Lewis had perfected the tactic of non-violent resistance that was celebrated by Dr. Martin Luther King, Jr. And Dr. King, in turn, had been inspired by the methods of Mahatma Gandhi, who developed the doctrine of non-violent resistance — first in South Africa, where he led protests against discriminatory laws targeting Indian immigrants, and then in India itself, where he led protests against British colonial rule and paved the way for independence before being assassinated.

Gandhi’s doctrine was based on an idea called Satyagraha, loosely translated as “soul force.” The purpose of non-violent resistance, Gandhi taught, was to appeal to the common humanity of the individual human beings on the other side. If protesters believed fervently enough in their cause to expose themselves to physical danger, but not to pose any danger to those they were protesting against, they would awaken a sense of empathy among their opponents and the world at large.

The tactic could not work everywhere, though Gandhi argued that it could, often to the point of absurdity. (His suggestion for the Jews of Europe was that they should protest Nazism by allowing themselves to be killed.) In a political system that denies the right to protest under even reasonable circumstances, and censors media coverage of protests, such as apartheid South Africa, violence may be justified.

Dr. King understood that the United States was not such a society. The Democrats of the Jim Crow South might suppress protest, but television ensured that the rest of the nation would see that, and recoil.

The civil rights movement was effective because the tactic of non-violence, adapted from Gandhi and applied by King and Lewis, evoked the empathy of observers.

Moreover, Dr. King also used the common language of Christianity to challenge his countrymen to live up to the ideals of their Constitution — and their Bible.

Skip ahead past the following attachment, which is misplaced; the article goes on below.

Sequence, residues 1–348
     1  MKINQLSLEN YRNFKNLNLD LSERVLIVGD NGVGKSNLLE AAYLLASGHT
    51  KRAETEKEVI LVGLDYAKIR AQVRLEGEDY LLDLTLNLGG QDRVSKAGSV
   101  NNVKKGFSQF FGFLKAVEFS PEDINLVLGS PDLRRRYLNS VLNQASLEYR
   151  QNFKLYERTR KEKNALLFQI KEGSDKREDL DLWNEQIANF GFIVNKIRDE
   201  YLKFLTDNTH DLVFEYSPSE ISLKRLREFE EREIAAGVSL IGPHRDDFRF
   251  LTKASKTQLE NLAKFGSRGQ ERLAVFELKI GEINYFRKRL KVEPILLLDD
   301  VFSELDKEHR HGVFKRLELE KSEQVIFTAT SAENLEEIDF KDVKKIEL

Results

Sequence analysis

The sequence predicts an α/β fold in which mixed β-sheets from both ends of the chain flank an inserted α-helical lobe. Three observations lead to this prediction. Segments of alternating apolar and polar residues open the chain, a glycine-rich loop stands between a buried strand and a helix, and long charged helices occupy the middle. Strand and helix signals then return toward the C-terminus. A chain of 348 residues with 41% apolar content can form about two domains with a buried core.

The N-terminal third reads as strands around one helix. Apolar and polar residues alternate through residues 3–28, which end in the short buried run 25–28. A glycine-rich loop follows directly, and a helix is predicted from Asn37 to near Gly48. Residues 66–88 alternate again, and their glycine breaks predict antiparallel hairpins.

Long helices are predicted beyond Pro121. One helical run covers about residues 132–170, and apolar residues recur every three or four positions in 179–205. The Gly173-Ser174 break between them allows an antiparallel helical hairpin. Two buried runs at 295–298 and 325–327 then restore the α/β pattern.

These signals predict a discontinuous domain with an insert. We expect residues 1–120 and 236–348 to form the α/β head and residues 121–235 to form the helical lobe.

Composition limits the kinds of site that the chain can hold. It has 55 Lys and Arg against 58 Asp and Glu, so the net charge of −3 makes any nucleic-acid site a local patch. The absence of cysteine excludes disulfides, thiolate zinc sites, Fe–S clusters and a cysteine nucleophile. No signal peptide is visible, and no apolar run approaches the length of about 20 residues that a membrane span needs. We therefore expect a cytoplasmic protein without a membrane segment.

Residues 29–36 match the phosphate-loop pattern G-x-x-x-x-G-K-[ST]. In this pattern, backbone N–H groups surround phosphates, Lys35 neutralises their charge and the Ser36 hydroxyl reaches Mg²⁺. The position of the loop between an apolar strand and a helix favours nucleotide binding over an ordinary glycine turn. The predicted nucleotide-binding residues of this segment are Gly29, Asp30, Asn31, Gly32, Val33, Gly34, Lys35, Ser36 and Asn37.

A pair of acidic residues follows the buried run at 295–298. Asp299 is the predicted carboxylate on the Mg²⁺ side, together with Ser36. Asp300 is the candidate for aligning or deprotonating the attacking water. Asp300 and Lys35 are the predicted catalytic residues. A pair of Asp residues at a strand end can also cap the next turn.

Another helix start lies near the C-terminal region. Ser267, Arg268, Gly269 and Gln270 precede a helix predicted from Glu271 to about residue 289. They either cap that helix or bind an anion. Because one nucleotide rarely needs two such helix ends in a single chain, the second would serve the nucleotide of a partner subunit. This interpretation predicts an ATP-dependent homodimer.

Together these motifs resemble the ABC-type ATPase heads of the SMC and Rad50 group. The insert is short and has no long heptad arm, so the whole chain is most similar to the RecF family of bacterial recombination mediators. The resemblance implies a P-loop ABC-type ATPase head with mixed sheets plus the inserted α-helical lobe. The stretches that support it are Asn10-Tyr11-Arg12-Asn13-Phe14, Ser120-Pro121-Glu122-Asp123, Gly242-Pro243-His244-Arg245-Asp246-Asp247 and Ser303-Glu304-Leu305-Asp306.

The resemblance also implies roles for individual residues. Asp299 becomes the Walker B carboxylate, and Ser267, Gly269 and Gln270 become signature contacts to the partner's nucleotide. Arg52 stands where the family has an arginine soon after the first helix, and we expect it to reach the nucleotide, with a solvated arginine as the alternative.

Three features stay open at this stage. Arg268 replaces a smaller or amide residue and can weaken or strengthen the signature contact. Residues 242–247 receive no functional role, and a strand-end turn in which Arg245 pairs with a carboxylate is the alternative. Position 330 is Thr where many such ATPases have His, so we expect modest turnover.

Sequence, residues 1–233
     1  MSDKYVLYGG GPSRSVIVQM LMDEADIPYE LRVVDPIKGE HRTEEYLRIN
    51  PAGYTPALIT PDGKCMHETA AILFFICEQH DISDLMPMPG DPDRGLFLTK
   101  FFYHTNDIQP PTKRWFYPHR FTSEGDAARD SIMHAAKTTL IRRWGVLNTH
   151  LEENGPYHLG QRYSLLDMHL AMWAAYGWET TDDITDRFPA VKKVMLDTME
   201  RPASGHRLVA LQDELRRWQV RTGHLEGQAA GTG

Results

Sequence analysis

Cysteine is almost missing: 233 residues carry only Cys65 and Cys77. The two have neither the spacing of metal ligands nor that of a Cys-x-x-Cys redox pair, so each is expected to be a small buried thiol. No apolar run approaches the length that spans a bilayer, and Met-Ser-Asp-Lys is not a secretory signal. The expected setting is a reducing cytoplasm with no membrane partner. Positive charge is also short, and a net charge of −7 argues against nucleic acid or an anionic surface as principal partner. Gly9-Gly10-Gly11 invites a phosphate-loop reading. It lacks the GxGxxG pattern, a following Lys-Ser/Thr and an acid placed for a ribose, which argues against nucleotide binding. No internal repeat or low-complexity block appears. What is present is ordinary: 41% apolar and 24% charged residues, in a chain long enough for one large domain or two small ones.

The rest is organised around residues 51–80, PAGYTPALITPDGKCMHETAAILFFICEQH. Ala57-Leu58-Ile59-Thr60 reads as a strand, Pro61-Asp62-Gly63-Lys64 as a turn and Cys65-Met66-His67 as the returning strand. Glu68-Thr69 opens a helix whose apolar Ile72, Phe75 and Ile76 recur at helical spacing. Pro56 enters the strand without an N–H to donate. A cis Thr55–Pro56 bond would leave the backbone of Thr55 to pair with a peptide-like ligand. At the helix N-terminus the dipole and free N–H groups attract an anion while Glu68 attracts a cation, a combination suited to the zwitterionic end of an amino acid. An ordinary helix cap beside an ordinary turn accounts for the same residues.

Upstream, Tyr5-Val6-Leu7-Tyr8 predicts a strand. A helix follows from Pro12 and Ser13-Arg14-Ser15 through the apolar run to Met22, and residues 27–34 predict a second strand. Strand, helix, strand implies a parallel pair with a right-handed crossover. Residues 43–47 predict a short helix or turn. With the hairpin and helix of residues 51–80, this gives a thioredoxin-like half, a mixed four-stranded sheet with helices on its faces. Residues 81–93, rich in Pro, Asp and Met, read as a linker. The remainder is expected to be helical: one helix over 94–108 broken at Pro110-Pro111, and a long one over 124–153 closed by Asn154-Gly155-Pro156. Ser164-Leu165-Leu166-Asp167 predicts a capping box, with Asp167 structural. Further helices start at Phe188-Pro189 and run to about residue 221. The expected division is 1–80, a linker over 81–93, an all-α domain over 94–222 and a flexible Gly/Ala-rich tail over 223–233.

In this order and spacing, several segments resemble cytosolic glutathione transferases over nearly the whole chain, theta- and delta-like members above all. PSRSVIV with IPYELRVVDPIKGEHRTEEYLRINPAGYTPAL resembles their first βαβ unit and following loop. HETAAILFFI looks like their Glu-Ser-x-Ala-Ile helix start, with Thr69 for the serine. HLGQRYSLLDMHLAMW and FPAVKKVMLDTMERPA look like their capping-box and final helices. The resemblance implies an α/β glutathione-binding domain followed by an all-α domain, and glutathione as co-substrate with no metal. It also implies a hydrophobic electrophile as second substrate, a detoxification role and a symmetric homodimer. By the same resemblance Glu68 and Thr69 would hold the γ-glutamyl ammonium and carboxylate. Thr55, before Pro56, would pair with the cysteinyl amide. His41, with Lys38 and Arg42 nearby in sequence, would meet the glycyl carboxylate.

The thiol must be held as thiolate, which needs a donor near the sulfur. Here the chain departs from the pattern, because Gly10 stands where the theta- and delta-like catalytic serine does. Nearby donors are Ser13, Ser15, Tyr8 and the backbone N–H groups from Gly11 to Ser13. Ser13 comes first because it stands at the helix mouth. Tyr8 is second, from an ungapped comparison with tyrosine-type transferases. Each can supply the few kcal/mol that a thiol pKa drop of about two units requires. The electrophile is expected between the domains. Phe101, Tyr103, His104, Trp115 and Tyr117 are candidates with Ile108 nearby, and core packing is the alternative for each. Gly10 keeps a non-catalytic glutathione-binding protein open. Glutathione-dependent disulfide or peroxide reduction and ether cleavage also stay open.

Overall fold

Today’s protests have abandoned the tradition of Dr. King and embraced the ideas of Saul Alinsky, for whom chaos was the goal. (They have even vandalized a statue of Gandhi.)

Tragically, President Barack Obama, who could have been a figure of reconciliation as the first black president, embraced the lawlessness of the Occupy Wall Street movement in 2011 and the Black Lives Matter riots in 2014. And when President Donald Trump holds up a Bible, reminding a divided nation of its common heritage, the media mock him.

Biden, who likes to exaggerate his participation in the civil rights movement, has forgotten its basic tactics and principles. He is mirroring the media, who have encouraged violent protest — partly for ratings, partly because they, too, are radicals.

Other Democrats misquote Dr. King as if he approved of riots. He did not.

If we abandon Dr. King’s legacy, if we call riots “peaceful protest,” we will stop listening to one another, and settle our differences violently.

It has already begun.

Joel B. Pollak is Senior Editor-at-Large at Breitbart News and the host of Breitbart News Sunday on Sirius XM Patriot on Sunday evenings from 7 p.m. to 10 p.m. ET (4 p.m. to 7 p.m. PT). His new book, RED NOVEMBER, tells the story of the 2020 Democratic presidential primary from a conservative perspective. He is a winner of the 2018 Robert Novak Journalism Alumni Fellowship. Follow him on Twitter at @joelpollak.